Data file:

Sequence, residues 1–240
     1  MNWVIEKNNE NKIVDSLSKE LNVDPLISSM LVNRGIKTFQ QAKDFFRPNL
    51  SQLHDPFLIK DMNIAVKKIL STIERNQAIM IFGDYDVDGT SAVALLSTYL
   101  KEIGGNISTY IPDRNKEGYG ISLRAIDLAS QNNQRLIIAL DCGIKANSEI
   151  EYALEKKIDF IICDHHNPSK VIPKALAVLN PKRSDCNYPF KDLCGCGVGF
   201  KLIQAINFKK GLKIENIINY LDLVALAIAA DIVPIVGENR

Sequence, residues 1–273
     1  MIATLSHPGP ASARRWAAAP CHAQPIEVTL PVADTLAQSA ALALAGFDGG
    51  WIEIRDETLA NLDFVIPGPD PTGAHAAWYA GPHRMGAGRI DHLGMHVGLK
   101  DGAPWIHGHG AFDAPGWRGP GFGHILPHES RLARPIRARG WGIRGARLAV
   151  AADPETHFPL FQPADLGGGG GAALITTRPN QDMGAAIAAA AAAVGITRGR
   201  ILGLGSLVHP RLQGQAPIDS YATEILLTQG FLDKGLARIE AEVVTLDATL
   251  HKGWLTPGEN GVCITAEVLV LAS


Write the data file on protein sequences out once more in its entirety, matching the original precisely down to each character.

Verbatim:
Sequence, residues 1–240
     1  MNWVIEKNNE NKIVDSLSKE LNVDPLISSM LVNRGIKTFQ QAKDFFRPNL
    51  SQLHDPFLIK DMNIAVKKIL STIERNQAIM IFGDYDVDGT SAVALLSTYL
   101  KEIGGNISTY IPDRNKEGYG ISLRAIDLAS QNNQRLIIAL DCGIKANSEI
   151  EYALEKKIDF IICDHHNPSK VIPKALAVLN PKRSDCNYPF KDLCGCGVGF
   201  KLIQAINFKK GLKIENIINY LDLVALAIAA DIVPIVGENR

Sequence, residues 1–273
     1  MIATLSHPGP ASARRWAAAP CHAQPIEVTL PVADTLAQSA ALALAGFDGG
    51  WIEIRDETLA NLDFVIPGPD PTGAHAAWYA GPHRMGAGRI DHLGMHVGLK
   101  DGAPWIHGHG AFDAPGWRGP GFGHILPHES RLARPIRARG WGIRGARLAV
   151  AADPETHFPL FQPADLGGGG GAALITTRPN QDMGAAIAAA AAAVGITRGR
   201  ILGLGSLVHP RLQGQAPIDS YATEILLTQG FLDKGLARIE AEVVTLDATL
   251  HKGWLTPGEN GVCITAEVLV LAS